Can the New Tax Laws Help to Move Stocks Higher?

By: Tom Madell | Wed, Jun 4, 2003
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Purportedly, the new U.S. tax legislation signed into law last week was designed to stimulate the economy and create new jobs. However, it also appears that the Bush administration is trying to do everything possible to bolster the stock market in advance of the 2004 elections. Naturally, such a boost would certainly lessen the chances that Mr. Bush would have to face the possible disenchantment of the 50% or so of voters who are invested in the stock market in one form or another and have seen their assets fall considerably during the Bush years.

By cutting the taxes due on both capital gains and dividends, while doing very little for most bond (or money market) investors who tend to invest for income and stability, the net effect is that many sophisticated investors may be more likely to halt the urge to go to bonds/cash and instead decide to increase their allocations to stocks. In other words, while income from bonds/cash is treated just like it was part of one's paycheck, income and price gains from stocks are rewarded with tax rates that are less than half of that. And for affluent individuals, the fact that the large savings from the additional lowering of income tax brackets will most likely be invested rather than saved should also help ensure a higher flow of the excess cash into all types of investments.

And here is another thought: Perhaps the Fed's new emphasis on the possibility of deflation rather than the customary concern with inflation will also serve to get more money into the stock market. How? The Fed will not be of a mind to raise interest rates with their new emphasis and could perhaps even lower them again. As a result, already low dividends from bonds and cash will go even lower, possibly discouraging investing in these asset classes. And, of course, lower interest rates are thought in theory at least, to raise the probability of stock gains.

And to speculate on Bush administration motives even further, what about Treasury Secretary Snow's apparent move to disregard, or even more subtly, to actually contribute to the fall of the dollar in international markets? A slowly falling dollar can improve the sales of major U.S. corporations whose products thus become more competitive than foreign manufacturers' products to the former's often large number of overseas buyers. Improved sales would then translate into improved profits and presumably higher stock prices. But perhaps even more importantly, a lower dollar (not to even mention our larger budget deficit from the tax reductions above) will possibly create higher inflation and interest rates, a moderate amount of which will likely help stocks as well. So, as with the tax cuts, the effect may also serve to boost stocks while potentially leading to driving money out of bonds.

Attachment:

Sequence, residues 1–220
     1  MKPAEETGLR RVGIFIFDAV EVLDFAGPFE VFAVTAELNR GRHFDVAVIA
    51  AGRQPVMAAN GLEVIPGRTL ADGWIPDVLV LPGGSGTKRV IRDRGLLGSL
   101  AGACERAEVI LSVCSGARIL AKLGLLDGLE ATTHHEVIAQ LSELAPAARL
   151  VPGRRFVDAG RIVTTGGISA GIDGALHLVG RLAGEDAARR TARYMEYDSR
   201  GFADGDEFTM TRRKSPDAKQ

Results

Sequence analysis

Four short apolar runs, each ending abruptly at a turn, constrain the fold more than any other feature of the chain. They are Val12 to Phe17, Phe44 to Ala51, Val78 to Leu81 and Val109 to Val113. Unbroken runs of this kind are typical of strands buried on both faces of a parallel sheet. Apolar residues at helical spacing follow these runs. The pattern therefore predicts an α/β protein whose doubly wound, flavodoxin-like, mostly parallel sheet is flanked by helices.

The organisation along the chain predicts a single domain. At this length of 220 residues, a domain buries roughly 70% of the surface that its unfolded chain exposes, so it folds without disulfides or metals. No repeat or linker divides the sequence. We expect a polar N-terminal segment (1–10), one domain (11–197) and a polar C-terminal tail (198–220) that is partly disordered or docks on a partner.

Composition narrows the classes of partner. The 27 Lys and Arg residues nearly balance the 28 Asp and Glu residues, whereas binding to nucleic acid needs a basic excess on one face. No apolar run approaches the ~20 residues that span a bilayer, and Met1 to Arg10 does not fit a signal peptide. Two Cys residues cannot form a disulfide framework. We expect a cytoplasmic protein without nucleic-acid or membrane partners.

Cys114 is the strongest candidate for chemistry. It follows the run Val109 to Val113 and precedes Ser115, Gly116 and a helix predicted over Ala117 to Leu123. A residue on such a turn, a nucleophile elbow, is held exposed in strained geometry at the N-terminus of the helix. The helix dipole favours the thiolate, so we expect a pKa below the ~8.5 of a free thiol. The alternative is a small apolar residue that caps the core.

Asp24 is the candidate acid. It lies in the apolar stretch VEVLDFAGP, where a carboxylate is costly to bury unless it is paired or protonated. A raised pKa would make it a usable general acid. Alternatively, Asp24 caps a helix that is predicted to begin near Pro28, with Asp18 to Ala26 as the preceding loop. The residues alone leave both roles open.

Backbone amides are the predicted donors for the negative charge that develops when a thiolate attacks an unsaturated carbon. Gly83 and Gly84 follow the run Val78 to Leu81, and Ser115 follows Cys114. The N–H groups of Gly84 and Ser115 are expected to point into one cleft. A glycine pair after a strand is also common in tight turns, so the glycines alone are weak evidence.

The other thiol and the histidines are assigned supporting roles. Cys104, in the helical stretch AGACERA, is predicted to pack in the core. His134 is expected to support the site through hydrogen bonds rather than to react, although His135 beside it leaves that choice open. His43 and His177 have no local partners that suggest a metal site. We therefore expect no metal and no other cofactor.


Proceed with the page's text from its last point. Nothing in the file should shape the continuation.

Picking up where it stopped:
Perhaps these factors have been important in influencing the stock and bond markets this past week. Should you be swayed by all the latest inducements to bolster your stock investing? Perhaps to a small degree, yes. However, one needs to keep the remaining fundamentals affecting stock prices clearly in mind. Larger deficits created by lower tax revenues will more likely than not eventually impair stock performance, perhaps some time after the 2004 election or after Mr. Bush leaves office. And just because you get better tax breaks will not help to make money if the economy does not pick up and therefore stocks do not generate any capital gains, or even continue to show long-term losses.

One thing you may want to do is to concentrate your stock investments a little more in your taxable investment accounts rather than your tax-sheltered accounts. For example, if you wish to have 20% of your total portfolio in an actively-managed growth and income fund expected to generate both considerable capital gains and dividends, it makes sense to have it all now in your taxable account to benefit from the low capital gains and dividend rates thus available. Likewise, if you wish to have 30 - 40% of your total portfolio in bonds and cash, it would seem to make sense to keep as much of it as possible in a sheltered account - you will have to pay their taxes at your ordinary rates, sooner or later, no matter which type of account it is in.


Tom Madell

Author: Tom Madell

Tom Madell, Ph.D.
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